This 55in LED TV goes into innovation overload and may be the cleverest TV we've ever seen
The first big new TV release of 2012 is here, in the comely shape of Samsung’s UE55ES8000. And if its level of technological advancement and all-round quality is symptomatic of what we might also expect from other brands in the coming weeks and months, then the rest of the year could be pretty special.
As ever with Samsung TVs, the UE55ES8000’s campaign to win your heart begins immediately, thanks to the seductively glinting, staggeringly slender frame around its vast 55in screen. Its new ‘double bar’ pedestal stand design is very pretty, too.
Connectivity is outstanding.Highlights include four v1.4 HDMIs (to support the set’s active shutter 3D playback), two USBs able to play a wide variety of multimedia file formats, an Ethernet port, and built-in Wi-Fi.
Samsung was one of the strongest brands last year where online ‘Smart’ TV functionality was concerned, but that hasn’t stopped it advancing the Smart TV cause with the this year’s flagship model. For a start, Samsung’s Smart Hub menu screen now looks even prettier and more ‘HD’ than before, thanks to a shift to a Full HD resolution from last year’s 720p incarnation.
Also catching the eye are three completely new Smart TV content sections. First up is Family Story, a potentially handy new online service that enables you to create closed, password-protected networks with other Smart TV/smart device users. The idea here is for families and friends to be able to share photographs, memos and diaries with each other, no matter where they live, without worrying about strangers intruding on their content. Naturally you don’t need a Samsung Smart TV to use the service; suitable apps for Android tablets and smartphones will be available by the time you read this.
Sitting next to Family Story is a new Fitness zone, offering a useful toolset for getting fit without having to spend a fortune joining a gym. The system works by letting you set up profiles for different family members featuring weight and Body Mass Index measurements, and then providing a decently extensive set of exercise videos, complete with an estimated calorie count for each one.
The TV can calculate how many calories you’ve burned off with these videos and translate that to potential weight loss over time, delivering charts of your progress. It’s not quite as sophisticated or accurate as I’d like, but overall it should easily satisfy the ‘home exercise’ brigade.
The final big new section of Samsung’s Smart TV platform is simply called Kids, and chiefly comprises a collection (currently a rather small one, to be honest) of obscure kid’s TV shows. But there is also a fun ‘sticker book’ into which children can place on-screen stickers awarded by parents for different types of good behaviour. Like not sitting on your 3D spex.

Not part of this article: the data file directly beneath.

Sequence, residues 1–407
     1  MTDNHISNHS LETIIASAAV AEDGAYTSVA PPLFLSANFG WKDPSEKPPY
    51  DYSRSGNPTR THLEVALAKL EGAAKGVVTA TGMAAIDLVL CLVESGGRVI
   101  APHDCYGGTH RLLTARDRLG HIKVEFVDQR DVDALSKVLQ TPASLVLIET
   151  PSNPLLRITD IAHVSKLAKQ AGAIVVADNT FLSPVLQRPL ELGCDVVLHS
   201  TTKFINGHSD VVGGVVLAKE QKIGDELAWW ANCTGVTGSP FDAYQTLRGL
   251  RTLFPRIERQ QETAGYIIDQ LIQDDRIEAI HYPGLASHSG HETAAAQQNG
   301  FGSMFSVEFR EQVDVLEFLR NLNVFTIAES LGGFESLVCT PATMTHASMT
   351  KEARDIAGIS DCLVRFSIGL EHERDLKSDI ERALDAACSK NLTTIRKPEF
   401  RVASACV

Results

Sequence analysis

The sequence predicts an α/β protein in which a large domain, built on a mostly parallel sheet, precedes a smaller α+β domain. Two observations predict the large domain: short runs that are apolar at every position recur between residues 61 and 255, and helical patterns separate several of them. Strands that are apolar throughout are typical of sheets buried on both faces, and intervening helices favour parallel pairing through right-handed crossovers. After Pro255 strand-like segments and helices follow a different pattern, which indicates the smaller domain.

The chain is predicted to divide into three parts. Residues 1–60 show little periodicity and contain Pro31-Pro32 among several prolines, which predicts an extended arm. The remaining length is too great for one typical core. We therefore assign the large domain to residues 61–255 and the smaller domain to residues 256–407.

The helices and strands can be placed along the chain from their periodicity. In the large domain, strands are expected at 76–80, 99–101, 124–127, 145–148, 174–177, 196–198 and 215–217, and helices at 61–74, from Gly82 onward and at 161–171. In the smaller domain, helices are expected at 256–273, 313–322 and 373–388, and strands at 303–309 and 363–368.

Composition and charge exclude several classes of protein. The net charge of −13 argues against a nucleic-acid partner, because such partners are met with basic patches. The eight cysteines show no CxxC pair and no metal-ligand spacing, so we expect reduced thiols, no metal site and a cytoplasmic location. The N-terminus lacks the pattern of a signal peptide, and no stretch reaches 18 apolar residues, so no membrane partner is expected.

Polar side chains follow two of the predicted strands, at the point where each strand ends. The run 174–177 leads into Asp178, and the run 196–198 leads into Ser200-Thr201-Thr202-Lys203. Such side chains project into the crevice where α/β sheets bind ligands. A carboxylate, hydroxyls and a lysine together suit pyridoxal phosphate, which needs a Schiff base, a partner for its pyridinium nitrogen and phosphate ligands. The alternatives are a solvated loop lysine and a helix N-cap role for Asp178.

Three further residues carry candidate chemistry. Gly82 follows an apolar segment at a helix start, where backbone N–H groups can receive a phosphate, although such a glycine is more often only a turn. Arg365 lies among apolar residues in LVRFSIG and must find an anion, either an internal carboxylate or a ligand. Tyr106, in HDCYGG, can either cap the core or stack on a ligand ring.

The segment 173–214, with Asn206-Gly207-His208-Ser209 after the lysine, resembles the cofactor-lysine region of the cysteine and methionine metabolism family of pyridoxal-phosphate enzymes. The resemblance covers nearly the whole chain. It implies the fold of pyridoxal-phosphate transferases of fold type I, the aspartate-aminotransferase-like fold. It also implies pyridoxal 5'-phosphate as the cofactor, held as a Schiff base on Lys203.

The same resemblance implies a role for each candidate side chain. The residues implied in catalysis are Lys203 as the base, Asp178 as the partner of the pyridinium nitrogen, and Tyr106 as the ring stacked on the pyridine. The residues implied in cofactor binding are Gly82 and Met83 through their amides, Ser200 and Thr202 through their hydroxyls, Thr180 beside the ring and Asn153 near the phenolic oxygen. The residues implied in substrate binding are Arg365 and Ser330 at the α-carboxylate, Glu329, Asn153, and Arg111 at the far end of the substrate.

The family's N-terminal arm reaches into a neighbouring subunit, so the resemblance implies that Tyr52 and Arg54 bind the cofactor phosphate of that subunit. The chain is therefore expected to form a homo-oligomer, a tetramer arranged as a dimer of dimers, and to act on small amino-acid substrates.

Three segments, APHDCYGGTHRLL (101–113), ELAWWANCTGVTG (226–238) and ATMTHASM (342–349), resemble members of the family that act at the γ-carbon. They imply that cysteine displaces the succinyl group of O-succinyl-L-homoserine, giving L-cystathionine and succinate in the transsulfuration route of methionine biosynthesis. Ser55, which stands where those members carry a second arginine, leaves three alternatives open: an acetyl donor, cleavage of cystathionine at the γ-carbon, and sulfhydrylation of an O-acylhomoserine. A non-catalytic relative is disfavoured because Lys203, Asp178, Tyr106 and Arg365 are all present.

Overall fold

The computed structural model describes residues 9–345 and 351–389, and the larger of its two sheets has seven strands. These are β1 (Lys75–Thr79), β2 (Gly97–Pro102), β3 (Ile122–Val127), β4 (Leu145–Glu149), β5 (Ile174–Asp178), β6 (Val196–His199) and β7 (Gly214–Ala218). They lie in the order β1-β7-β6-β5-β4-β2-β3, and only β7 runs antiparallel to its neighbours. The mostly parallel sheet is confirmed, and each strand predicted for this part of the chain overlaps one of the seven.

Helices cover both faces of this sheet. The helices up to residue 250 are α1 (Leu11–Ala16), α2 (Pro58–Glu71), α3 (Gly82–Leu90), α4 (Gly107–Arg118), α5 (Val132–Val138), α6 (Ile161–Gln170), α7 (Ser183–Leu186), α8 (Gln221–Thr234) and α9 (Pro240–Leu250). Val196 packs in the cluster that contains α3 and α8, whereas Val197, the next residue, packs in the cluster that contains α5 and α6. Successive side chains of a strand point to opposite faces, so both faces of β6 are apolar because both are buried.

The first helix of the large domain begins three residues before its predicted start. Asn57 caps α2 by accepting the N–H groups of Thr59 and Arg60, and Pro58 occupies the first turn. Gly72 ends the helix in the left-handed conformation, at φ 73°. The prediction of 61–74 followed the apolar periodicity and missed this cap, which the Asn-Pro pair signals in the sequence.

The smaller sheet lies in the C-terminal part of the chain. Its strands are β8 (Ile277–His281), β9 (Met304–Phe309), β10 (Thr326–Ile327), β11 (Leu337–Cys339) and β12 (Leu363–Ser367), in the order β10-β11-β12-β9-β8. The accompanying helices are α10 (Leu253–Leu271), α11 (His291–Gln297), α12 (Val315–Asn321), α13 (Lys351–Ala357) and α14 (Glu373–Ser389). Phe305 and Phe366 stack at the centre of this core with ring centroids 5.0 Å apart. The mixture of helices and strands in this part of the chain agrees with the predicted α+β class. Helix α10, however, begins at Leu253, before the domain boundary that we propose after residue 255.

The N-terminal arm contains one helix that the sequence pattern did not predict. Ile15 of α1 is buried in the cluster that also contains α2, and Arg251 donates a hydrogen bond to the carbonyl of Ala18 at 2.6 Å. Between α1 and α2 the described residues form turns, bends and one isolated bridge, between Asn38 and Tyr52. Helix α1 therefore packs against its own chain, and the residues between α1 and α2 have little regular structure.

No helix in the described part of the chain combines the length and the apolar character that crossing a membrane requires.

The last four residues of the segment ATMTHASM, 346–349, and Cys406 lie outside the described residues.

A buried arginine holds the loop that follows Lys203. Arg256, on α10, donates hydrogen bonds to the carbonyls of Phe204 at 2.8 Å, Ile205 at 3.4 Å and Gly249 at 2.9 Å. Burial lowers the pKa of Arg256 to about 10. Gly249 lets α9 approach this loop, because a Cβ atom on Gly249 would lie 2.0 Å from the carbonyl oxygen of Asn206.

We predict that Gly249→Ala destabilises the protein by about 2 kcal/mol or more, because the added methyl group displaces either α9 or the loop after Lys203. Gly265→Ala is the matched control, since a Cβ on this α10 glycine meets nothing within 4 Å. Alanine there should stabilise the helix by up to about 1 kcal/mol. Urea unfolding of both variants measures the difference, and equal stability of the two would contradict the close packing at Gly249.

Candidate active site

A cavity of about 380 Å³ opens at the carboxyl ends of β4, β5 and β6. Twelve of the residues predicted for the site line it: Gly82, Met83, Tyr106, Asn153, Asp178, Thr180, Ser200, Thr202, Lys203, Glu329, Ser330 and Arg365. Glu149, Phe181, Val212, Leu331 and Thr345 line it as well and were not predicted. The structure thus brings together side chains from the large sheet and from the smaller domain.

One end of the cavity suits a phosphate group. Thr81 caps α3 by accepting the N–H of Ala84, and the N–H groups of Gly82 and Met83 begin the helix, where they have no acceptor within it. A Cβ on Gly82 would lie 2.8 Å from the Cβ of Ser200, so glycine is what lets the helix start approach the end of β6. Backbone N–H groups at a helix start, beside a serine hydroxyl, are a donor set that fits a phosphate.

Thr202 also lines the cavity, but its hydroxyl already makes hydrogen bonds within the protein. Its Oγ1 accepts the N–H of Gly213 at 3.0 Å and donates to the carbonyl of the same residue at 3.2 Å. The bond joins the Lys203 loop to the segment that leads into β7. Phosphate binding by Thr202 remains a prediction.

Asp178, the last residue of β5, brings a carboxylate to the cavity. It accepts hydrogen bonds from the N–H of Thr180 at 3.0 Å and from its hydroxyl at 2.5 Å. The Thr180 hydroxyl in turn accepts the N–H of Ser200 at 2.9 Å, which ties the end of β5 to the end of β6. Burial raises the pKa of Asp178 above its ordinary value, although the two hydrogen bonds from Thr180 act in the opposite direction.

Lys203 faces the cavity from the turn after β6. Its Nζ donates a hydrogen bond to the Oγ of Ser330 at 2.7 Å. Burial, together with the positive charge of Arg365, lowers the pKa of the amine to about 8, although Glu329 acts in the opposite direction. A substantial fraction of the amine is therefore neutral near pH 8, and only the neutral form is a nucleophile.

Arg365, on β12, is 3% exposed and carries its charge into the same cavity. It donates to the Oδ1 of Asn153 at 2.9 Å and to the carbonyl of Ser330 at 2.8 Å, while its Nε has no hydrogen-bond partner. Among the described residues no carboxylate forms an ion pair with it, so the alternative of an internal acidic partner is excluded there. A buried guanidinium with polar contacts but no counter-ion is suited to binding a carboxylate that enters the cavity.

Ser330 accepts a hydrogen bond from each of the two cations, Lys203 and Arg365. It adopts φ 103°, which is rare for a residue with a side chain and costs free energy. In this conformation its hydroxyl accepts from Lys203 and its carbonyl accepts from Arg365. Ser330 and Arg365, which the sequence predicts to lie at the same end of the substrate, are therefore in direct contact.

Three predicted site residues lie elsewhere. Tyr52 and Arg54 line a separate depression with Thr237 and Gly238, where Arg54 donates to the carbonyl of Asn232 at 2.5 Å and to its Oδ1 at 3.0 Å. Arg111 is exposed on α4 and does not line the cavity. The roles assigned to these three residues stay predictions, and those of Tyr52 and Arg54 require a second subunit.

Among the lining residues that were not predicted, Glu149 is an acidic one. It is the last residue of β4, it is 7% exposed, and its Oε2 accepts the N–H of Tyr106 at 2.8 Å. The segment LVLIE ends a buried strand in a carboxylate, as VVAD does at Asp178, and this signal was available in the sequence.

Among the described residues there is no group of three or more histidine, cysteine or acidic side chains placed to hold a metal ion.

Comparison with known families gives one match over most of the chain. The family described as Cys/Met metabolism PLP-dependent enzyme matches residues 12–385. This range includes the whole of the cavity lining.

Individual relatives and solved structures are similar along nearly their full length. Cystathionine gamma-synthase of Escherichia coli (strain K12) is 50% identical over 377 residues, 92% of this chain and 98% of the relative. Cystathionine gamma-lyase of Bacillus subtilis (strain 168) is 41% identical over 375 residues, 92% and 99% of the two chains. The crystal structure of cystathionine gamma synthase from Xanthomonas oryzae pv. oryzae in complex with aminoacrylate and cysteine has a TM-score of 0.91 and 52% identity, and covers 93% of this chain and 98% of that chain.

As well as these entire new Smart TV sections, Samsung’s Smart TV platform has also enjoyed a few extra apps and video services since last year, including most notably, Netflix Furthermore, since the UE55ES8000 is a high-end Samsung TV, it gets the Skype support (a camera is elegantly built into its upper edge) and integrated web browser not found in lower-rent Samsung models.
Samsung hasn’t just innovated with its Smart TV content. It’s also attempted some pretty revolutionary stuff when it comes to its Smart interface. The UE55ES8000 ships with two remote controls: one ‘normal’ one, and one featuring a touchpad and voice control.
Anyone who’s tried to surf the web via a normal TV remote or felt frustrated by the limitations of a handset’s normal ‘up, down, left, right’ keys will immediately appreciate the touchpad, as it lets you quickly move a cursor in any direction all over the screen. And the trackpad on Samsung’s handset delivers just the right amount of sensitivity.
The minimal button layout on this touchpad remote is also mostly well considered, with my only significant quibble being the way you have to press the touchpad down to select a highlighted option. It’s very easy to accidentally move the cursor off your desired option as you do this.
One button on the second handset labelled ‘Voice’ calls into play another key innovation in the UE55ES8000’s interface ‘arsenal’: voice control. By simply talking to the TV, either directly or through the second remote, you can do everything from changing volume and channel to inputting text into search fields, opening different sources, and even choosing direct channel numbers on a connected Sky box via a supplied IR extender.
The recognition system is good enough to correctly reproduce even fairly obscure spoken names, phrases and words (so long as you pronounce them carefully). It’s also great that the system is only activated by saying a keyword, such as Hi TV, so it doesn’t keep accidentally kicking in every time you speak to other people in your room. Add the voice control to the touchpad remote, and you really do have a cool new way of controlling a sophisticated modern TV.